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Roman's Lab DVDs - Chess Reviews


Roman's Lab is a range of chess DVDs that have been released within the last few years and I believe the series hasn't finished yet. The DVDs are presented by famous American Grandmaster Roman "Dzindzi" Dzindzichashvili. Best known for his videos and books nowadays, he was once within the world top 10. Throughout his career, he has landed defeats on big names such as 6th World Champion Mikhail Botvinnik, Bronstein, Larsen, Timman, Shabalov and Nakamura. He has worked with 12th World Champion Karpov, 13th World Champion Kasparov, Kamsky, Korchnoi and Perelshteyn. Roman has come equal first in the US Championship twice. According to Wikipedia, his peak rating was 2703 in October 1978. These days, he is much older (65 at the time of writing), but he is still well known for his very strong online play.

At the time of writing, Roman has produced over 90 Roman's Lab DVDs. Note that my review here applies to volumes 62 and earlier.

Roman's DVDs are interesting to watch. Generally the material is reasonably good, although it can be inconsistent, ranging from poor/inaccurate to excellent analysis. I have purchased a number of Roman's DVDs. Even though I didn't like some of them, I kept coming back for more, which perhaps hints that the series is worthwhile.

Try to be lenient when watching these DVDs: Roman's English isn't great and in two of the DVDs I bought, he coughed frequently (these are volumes 26 and 27 on Nimzowitsch's My System), but generally he gets his point across adequately. There are also some board/display errors in earlier versions of his DVDs (as far as I know, these stop by volume 26). As a sidenote, I find it funny that people who didn't learn English as their first language often get 'white' confused with 'black' and vice versa.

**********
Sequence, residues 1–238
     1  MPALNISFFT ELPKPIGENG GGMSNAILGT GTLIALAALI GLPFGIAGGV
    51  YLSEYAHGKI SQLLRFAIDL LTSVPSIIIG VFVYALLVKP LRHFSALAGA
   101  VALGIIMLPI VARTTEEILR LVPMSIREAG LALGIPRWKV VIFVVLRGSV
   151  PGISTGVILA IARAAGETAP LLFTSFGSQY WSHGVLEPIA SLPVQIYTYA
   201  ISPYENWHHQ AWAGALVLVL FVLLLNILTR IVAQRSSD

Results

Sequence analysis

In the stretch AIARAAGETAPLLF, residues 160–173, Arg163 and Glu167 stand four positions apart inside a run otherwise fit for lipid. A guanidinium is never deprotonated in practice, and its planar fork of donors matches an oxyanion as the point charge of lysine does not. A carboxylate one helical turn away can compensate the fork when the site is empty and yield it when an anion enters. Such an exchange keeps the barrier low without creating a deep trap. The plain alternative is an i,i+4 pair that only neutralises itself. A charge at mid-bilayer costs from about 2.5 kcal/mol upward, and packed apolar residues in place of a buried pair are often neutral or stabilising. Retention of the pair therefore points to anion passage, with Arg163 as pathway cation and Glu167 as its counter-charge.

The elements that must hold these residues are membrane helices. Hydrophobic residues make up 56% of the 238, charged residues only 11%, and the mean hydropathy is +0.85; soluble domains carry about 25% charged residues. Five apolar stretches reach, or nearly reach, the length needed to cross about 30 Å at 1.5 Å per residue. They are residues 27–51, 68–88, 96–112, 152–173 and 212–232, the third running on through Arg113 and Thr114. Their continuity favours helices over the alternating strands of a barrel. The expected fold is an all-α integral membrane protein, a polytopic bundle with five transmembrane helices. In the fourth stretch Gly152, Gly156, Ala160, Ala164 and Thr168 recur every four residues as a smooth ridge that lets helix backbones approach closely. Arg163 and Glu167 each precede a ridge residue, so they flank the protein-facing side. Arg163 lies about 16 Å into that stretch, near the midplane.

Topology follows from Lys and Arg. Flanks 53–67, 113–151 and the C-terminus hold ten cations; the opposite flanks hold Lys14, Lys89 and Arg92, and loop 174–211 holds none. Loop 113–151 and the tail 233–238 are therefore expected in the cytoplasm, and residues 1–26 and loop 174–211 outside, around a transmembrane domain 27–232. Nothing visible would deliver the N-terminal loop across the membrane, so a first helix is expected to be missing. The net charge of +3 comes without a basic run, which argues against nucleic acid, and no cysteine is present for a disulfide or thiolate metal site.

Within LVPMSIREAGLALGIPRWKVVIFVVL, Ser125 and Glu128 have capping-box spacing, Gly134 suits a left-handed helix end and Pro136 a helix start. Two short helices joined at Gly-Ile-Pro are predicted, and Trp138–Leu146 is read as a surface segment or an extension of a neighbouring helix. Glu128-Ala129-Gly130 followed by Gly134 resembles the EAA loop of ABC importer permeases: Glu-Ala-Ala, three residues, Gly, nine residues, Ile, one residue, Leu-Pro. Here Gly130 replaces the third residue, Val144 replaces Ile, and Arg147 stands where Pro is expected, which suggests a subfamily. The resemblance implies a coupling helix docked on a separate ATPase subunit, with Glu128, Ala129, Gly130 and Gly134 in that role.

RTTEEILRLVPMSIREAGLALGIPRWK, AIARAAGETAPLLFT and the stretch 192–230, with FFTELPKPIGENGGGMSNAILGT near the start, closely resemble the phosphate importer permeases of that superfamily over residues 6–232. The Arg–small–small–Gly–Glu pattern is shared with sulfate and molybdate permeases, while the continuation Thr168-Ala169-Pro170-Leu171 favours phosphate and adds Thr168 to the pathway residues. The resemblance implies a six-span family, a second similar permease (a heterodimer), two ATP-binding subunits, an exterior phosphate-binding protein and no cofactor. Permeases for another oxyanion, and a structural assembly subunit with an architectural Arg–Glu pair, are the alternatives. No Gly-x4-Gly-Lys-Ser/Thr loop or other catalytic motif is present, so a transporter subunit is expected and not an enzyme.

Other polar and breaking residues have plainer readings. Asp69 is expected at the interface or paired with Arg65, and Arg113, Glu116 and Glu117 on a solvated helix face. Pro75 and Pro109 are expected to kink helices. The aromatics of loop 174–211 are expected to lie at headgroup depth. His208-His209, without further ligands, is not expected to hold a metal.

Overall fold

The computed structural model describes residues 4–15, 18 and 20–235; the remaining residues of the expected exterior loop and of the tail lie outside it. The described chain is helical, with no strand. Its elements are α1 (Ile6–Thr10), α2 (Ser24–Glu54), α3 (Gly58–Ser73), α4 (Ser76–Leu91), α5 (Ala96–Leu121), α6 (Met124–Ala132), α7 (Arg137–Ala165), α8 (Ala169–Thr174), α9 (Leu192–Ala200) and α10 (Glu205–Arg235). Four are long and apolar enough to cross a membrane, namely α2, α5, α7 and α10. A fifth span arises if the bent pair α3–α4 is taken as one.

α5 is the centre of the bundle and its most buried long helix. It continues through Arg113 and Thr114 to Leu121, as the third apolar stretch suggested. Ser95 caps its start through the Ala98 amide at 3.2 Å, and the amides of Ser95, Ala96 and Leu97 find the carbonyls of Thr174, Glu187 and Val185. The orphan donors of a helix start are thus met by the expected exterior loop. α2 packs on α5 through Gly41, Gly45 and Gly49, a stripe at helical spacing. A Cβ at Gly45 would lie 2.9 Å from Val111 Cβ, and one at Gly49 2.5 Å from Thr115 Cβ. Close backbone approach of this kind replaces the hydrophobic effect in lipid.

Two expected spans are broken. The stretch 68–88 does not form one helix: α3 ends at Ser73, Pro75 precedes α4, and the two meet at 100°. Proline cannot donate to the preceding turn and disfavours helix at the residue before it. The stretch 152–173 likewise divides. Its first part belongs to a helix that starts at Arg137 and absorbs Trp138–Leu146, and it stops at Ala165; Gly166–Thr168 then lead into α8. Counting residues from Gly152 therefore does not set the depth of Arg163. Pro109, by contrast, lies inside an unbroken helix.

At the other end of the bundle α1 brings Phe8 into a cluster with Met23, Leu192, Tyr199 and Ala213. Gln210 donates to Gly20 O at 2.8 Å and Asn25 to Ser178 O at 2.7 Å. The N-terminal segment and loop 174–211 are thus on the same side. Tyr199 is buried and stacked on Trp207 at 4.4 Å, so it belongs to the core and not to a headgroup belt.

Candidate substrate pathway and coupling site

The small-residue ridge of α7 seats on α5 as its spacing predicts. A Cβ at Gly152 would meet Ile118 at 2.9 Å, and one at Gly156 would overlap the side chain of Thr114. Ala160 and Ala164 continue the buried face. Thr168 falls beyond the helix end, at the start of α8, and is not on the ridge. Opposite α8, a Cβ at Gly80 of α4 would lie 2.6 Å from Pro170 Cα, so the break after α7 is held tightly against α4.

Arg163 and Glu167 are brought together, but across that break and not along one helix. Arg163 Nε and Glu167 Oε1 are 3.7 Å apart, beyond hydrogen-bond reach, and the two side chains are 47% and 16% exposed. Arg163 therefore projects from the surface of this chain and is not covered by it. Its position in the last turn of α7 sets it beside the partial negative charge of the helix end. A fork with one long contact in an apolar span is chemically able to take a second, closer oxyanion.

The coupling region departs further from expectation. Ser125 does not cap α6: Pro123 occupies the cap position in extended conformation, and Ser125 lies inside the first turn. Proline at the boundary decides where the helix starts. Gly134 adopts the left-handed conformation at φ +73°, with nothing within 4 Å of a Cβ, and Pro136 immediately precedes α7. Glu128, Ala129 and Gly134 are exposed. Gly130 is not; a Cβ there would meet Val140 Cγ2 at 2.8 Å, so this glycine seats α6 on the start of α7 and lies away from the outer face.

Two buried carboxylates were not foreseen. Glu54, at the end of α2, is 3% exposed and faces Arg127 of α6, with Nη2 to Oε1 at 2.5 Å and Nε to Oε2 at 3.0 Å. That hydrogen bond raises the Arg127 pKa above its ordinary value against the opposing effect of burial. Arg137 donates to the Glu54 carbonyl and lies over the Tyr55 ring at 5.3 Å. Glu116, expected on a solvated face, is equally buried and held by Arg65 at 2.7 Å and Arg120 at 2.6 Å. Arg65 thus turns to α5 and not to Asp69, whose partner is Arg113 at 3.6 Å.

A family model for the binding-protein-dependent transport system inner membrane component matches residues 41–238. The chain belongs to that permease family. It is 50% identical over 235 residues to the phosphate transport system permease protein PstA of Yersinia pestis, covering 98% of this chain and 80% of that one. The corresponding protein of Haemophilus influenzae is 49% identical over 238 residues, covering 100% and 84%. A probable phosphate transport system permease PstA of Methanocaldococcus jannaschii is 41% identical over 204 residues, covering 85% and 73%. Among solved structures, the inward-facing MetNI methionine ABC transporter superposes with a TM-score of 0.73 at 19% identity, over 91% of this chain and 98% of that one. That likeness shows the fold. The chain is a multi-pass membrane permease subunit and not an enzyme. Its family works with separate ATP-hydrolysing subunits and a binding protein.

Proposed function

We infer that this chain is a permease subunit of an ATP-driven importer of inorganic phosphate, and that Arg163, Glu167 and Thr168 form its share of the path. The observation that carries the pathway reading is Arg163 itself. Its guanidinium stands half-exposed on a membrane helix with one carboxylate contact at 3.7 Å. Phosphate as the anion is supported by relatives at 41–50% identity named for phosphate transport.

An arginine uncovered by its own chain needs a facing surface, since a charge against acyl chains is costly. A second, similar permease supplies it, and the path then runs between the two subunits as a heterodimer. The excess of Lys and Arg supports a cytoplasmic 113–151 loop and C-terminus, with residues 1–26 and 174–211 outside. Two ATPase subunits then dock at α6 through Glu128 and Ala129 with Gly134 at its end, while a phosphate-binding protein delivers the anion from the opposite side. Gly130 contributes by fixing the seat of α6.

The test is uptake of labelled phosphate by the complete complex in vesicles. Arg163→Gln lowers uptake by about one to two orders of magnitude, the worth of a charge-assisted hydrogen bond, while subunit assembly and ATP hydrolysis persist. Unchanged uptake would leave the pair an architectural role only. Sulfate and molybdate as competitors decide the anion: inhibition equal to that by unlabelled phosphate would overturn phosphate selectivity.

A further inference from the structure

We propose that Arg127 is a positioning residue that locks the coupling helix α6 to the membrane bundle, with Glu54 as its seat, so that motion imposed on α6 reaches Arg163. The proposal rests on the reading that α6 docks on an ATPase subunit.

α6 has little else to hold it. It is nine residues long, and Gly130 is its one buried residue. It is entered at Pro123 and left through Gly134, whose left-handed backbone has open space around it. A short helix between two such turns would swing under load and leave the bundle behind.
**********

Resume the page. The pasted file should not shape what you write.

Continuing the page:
With regards to his opening DVDs, most of them cost around $20 a DVD. This isn't great value for money. I recommend going to ChessPublishing instead, which gives you a year of chess opening updates by titled players for $x on each specific opening. The reason I target opening DVDs is that they can become outdated, whereas Roman's advice in other areas of chess are timeless. You can also consider joining the Internet Chess Club/ChessFM, where grandmasters such as Ronen Har-Zvi and Boris Alterman often produce video series on chess openings.

I recommend being selective about the titles that you choose to buy. The DVDs on generic topics should be reasonably good, such as "Volume 7: Think and Play Like a GM" and "Volume 55: A Tribute to Bobby Fischer". Some of the opening repertoire DVDs are worthwhile (as opposed to ones on single openings, which I would recommend against buying), as they provide great guidance on how to piece together an repertoire.


To purchase products, I recommend Wholesale Chess. They provide the highest quality chess products at the lowest prices (especially for US and Canadian players). They even offer to match prices with other chess websites! Even though I live overseas, this is where I choose to purchase chess goods.

For chess opening training and repertoire maintenance, I highly recommend the software I use, Chess Openings Wizard. This software was approved by Grandmaster Peter Svidler (FIDE rating 2744 as of January 2010) many years ago.

I hope I have provided a good overview of the Roman's Lab range of chess DVDs. They generally turn out to be worthwhile watching.


Posted by Webmaster on Monday, February 8, 2010.


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